Following two years in which Republicans controlled both chambers of Congress and the White House, the next two years are expected to be more combative as Democrats have the majority in the House after winning a net of 40 seats in the midterm elections. Republicans maintained a narrow Senate majority and picked up a net of two seats. As President Trump gears up for re-election, expect continued partisanship but there may be some opportunities for Democrats and Republicans to work together.
In the House, Democrats start the year with a 35-seat advantage over Republicans—235 to 200. There are 90 new House members (61 Democrats and 29 Republicans), which is the most since the Republican wave election in 2011. The Trump Administration will face aggressive oversight from House Democrats who feel emboldened after decisively winning last fall.
Going into the midterm elections, Republicans represented 25 seats where Hillary Clinton won in the 2016 presidential election. Democrats effectively targeted these seats and were able to win 22 of them. Republican pollster Patrick Ruffini noted that the 2016 presidential election helped predict the 2018 House elections as the results were almost uniformly 5-6 points better for Democrats than two years earlier.
Republicans maintain their Senate majority and start the year with a 53 to 47 advantage over Democrats. The senate election results continue a partisan trend where fewer and fewer states have split delegations where the two senators are from different political parties. Only nine states will have split delegations in 2019, which ties a record last set in the 84th Congress (1955-1956). There are only eight new Senators (two Democrats and six Republicans) at the start of 2019.
Although the prospect of divided government might be a recipe for gridlock, there are some opportunities where House Democrats may look to work with the White House and Senate Republicans. President Trump continues to express support for a large infrastructure bill; however, a stable source of long-term funding for roads and bridges has been an obstacle to advancing a new agreement. The surface transportation law, which includes funding for roads and bridges, expires in September 2020 and may be a catalyst in renewing the law.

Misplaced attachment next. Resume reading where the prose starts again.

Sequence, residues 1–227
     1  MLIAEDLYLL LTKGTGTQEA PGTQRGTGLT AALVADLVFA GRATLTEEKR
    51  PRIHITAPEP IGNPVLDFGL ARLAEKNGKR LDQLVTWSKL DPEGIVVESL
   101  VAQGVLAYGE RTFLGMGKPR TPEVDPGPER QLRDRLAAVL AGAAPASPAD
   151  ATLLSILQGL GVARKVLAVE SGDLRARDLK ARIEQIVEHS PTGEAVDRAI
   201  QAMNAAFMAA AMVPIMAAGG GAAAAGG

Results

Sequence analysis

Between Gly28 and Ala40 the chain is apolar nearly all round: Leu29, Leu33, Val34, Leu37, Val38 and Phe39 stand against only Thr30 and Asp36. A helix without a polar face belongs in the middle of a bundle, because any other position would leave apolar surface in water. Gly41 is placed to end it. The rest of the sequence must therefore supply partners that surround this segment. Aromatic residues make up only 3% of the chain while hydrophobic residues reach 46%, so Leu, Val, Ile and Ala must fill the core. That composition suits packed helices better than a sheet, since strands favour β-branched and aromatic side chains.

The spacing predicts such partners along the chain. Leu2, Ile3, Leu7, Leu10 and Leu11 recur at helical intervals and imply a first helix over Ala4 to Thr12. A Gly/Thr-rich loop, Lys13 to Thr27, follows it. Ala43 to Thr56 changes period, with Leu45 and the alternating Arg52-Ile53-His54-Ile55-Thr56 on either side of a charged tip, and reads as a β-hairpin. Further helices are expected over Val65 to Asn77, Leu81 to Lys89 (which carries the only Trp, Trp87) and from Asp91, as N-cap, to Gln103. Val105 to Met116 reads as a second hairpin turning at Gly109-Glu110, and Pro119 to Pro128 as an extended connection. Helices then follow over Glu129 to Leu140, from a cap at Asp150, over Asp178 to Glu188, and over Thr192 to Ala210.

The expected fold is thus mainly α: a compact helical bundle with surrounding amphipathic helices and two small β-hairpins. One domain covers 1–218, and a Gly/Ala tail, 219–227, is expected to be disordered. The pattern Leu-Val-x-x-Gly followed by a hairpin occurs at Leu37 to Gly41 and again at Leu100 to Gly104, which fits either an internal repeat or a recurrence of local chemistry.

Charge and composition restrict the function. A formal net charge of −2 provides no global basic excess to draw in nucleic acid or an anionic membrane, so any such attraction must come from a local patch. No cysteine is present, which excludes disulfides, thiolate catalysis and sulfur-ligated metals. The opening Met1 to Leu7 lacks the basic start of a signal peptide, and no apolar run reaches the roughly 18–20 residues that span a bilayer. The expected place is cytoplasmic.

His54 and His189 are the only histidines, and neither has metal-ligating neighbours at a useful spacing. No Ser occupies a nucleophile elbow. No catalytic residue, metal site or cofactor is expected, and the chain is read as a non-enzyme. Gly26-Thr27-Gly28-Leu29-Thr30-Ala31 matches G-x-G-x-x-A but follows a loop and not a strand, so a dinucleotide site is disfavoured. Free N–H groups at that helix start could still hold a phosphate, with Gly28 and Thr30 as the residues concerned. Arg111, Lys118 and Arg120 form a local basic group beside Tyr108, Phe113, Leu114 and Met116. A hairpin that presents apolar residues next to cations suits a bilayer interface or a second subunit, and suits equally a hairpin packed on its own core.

Immigration is another area where there could be compromise between Congress and the White House. The Administration has been thwarted by federal judges in ending the Deferred Action for Childhood Arrivals (DACA) program that prevents individuals who came to the U.S. illegally as children from being deported. Democrats looking to resolve uncertainty around the DACA program, as well as for individuals designated under Temporary Protected Status (TPS), may try for a broader immigration agreement that includes a robust guest-worker program to help address needs in the labor market.
Two areas where the White House and Congress will likely reach an agreement are a debt ceiling increase and the U.S. Mexico Canada Agreement (USMCA). In the first quarter of 2019, Congress will have to reach an agreement on increasing the debt ceiling that allows the federal government to increase its borrowing authority and avoid default. A combined agreement on increasing the debt ceiling and overall federal spending levels is the most likely outcome but given President Trump’s past threats to shut down the government, expect a contentious negotiation before an agreement is reached.
Congressional approval is needed for USMCA, the successor to the North American Free Trade Agreement (NAFTA). The White House needs supports from congressional Republicans but will have to attract a sufficient number of Democrats in both chambers to have the trade agreement approved. President Trump has been a vocal NAFTA critic and will use his bully pulpit to have Congress approve the USMCA.
As a new congress begins, NLBMDA will continue to highlight the need for a resolution to the softwood lumber dispute between the U.S. and Canada. The government relations team is also monitoring an expected rulemaking from the Department of Labor on overtime pay eligibility. In addition, the Association will continue to fight for legal reform that reduces the likelihood of dealers being a victim of unfounded lawsuits.
NLBMDA encourages it members to meet new members of Congress—as well as returning ones—during the 2019 Spring Meeting and Legislative Conference, April 1-3, 2019, at the Wink Hotel in Washington, D.C. It is a great opportunity to connect with lawmakers and advance the public policy priorities of the lumber and building material industry. More information about the meeting can be found at www.leg-con.org.